Deception would have been something to deal with in a very easy manner, if we could all think beyond what we have in our minds. If we could detect the thoughts of other people and perceive the broader picture of situations, most human beings would not fall into various forms of deception, fraud and other forms of misleading situations and interpretations. Aristotle stated that we cannot be sure of what other people are thinking because the devil himself has no idea of what is in the mind of another person. Therefore, human beings tend to pass judgments on what they think in their individual minds based on the facts they have. This paper posits that due to the fact that we have no direct contact outside our minds, human beings are susceptible to deception. The paper therefore argues that the human being’s ability to be deceived is only based on the fact that we can draw conclusions only on the information we know and understand in our minds.
Deception is almost always something that is defined in an objective manner by most people. It includes telling a person something that is not true. And we tend to believe this because we might find the pattern of presentation to be logical. Hence, the truth in every situation can be said to be objective and of one type or form. Therefore, lies are just told by people who conjure new information and present it to mislead or maliciously present a given situation.
Detection is not easily done when a person is not knowledgeable of all relevant facts. Hence, a person who is told a lie cannot find out the truth unless he gets all the facts and all the relevant information in order to independently clarify and state that the information given to him is false. Therefore, our vulnerability to be deceived is contingent on our ability to know and understand all the information that is relevant and necessary to draw a logical conclusion.
Therefore, it can be said that when a person has an insight to all the facts and information, that individual is less likely to be deceived. However, when a person has only limited and incomplete facts about a given situation, that individual is limited and can be deceived on many occasions and in several ways by a person who is malicious and desires to mislead him.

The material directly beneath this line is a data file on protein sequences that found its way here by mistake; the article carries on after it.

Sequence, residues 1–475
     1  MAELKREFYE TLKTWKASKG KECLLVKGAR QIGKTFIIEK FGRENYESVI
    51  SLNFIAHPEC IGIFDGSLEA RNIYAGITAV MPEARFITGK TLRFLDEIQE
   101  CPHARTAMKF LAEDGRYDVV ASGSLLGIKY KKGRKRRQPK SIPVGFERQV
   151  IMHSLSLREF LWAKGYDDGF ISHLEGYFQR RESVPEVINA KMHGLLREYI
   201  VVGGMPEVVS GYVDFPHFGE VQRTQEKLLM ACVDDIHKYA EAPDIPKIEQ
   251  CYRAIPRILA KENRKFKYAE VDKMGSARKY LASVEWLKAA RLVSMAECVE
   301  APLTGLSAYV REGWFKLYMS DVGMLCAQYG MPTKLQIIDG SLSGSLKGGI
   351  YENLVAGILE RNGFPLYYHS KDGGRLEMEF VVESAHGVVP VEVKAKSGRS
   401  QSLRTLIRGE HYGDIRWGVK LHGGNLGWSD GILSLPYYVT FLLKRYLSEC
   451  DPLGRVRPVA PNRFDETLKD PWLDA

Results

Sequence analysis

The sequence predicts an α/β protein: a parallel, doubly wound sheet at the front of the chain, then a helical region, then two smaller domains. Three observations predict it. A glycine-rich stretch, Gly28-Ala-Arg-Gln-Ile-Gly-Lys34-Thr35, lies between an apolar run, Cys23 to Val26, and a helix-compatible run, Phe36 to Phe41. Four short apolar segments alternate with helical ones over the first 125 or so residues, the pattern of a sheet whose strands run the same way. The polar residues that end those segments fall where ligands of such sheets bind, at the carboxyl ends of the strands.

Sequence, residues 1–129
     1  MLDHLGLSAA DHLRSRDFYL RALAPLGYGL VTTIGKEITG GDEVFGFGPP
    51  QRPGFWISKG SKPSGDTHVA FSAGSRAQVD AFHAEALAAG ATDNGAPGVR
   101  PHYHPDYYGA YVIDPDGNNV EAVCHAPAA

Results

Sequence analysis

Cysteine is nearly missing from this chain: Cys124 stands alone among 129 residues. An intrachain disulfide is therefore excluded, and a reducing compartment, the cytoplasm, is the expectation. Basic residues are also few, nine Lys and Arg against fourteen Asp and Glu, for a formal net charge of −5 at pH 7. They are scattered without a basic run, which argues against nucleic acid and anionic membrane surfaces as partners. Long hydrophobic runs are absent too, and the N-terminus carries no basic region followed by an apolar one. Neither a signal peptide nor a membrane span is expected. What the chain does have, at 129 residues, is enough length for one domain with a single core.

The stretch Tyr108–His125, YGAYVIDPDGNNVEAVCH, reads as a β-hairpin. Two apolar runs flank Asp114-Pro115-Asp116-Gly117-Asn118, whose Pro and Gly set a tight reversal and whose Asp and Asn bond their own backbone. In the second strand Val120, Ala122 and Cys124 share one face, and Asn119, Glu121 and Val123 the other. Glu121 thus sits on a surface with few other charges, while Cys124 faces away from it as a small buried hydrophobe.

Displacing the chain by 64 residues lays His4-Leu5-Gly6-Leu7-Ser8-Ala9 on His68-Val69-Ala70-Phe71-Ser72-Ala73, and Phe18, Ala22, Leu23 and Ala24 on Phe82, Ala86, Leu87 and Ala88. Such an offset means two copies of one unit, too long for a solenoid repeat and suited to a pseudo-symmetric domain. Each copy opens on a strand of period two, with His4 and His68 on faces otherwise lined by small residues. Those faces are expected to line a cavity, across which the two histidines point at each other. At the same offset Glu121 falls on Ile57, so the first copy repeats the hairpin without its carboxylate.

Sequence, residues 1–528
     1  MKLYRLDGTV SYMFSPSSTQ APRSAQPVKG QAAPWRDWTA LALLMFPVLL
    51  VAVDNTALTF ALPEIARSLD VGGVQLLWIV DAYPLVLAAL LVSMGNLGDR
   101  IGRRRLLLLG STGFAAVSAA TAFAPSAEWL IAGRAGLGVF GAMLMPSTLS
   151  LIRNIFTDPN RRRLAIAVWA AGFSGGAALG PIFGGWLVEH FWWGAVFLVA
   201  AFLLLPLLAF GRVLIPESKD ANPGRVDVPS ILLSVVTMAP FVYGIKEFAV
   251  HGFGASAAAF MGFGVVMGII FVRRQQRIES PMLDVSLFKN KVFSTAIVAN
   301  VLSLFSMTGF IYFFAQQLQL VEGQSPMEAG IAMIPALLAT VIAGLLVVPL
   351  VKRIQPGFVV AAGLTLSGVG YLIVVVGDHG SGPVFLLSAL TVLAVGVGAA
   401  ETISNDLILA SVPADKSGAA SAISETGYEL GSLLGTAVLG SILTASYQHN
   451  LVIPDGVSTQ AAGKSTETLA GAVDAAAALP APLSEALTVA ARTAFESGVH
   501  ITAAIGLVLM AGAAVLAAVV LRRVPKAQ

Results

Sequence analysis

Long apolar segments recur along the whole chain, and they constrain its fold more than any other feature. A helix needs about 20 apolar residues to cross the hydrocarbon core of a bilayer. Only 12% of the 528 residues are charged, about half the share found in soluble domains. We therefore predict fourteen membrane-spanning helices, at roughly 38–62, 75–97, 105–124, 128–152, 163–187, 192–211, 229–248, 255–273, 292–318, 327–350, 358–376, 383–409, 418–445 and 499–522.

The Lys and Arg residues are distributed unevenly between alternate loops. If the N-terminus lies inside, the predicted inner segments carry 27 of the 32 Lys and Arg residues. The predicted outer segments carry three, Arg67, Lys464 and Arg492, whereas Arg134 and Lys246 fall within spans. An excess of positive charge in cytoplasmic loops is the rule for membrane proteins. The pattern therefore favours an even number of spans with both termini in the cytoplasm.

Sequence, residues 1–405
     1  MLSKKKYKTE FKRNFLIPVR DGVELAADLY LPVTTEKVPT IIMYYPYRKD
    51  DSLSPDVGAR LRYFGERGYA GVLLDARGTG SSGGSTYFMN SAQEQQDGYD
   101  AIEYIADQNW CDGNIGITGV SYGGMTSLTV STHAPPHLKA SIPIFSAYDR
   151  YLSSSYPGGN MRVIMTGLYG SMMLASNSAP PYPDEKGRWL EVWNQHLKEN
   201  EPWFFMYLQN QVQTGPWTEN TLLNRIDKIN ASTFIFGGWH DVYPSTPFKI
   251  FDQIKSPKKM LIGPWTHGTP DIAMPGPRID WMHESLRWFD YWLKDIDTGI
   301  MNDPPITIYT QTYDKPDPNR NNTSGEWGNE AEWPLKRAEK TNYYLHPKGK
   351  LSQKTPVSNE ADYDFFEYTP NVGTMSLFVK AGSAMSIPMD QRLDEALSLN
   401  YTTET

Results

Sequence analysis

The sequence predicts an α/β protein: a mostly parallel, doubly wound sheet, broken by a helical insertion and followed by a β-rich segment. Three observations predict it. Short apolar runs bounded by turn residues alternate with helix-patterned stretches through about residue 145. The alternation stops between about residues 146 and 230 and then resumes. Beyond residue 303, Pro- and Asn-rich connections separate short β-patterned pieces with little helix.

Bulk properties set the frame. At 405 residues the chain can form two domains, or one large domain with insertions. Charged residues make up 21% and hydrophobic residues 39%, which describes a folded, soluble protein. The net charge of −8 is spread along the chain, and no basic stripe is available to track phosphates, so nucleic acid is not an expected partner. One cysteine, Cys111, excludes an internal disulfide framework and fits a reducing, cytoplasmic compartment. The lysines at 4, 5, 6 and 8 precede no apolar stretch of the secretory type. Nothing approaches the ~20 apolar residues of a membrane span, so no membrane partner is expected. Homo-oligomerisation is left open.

In demonstrating this trend, Plato stated that education enlightens a person in his Allegory of a Cave and that is because we naturally lack the ability to live above deception because we are born without knowledge of certain things. Due to that, he compared our situation and our status of lacking knowledge and information to decipher truth from falsity to being in the dark. When you are in a dark cave, you cannot see what is going on around you. You live with what you believe to be true or right. In that case, anyone in the cave can say anything and an individual cannot really tell whether it is true or false.
Therefore, when people are living under a situation without the ability to understand information and test the facts independently, they can be said to be living in a chained existence. They are told things and they accept it at face value because that is what they have known all their lives.
In other words, we have to have the ability to think and figure things out clearly. Otherwise, human begins will be very much opened and susceptible to deception. This is a known fact that leads to a second aspect of the debate – how do we protect ourselves from being deceived by people? How can we define what is true and what is not. If we are able to figure that out, the extent to which people’s abilities to know and have information outside the scope of just what they have in their minds can help them to predict people’s thoughts better and understand what is true and what is indeed false.
Identifying what is true and what is false is done by examining and critiquing things empirically. The ability to tell whether something is right or not can be done based on a series of criteria that must be used as a measure to transparently and openly test and evaluate facts in order to draw conclusions on a given matter. Therefore, the only way of ensuring that we can analyze and live above deception is to find ways of testing information and through this, we also need to get as much facts as we can in our minds in order to understand a phenomenon and draw logical and appropriate conclusions on them in order to decipher between right and wrong. This can be done by getting more information and studying a process and situation more closely.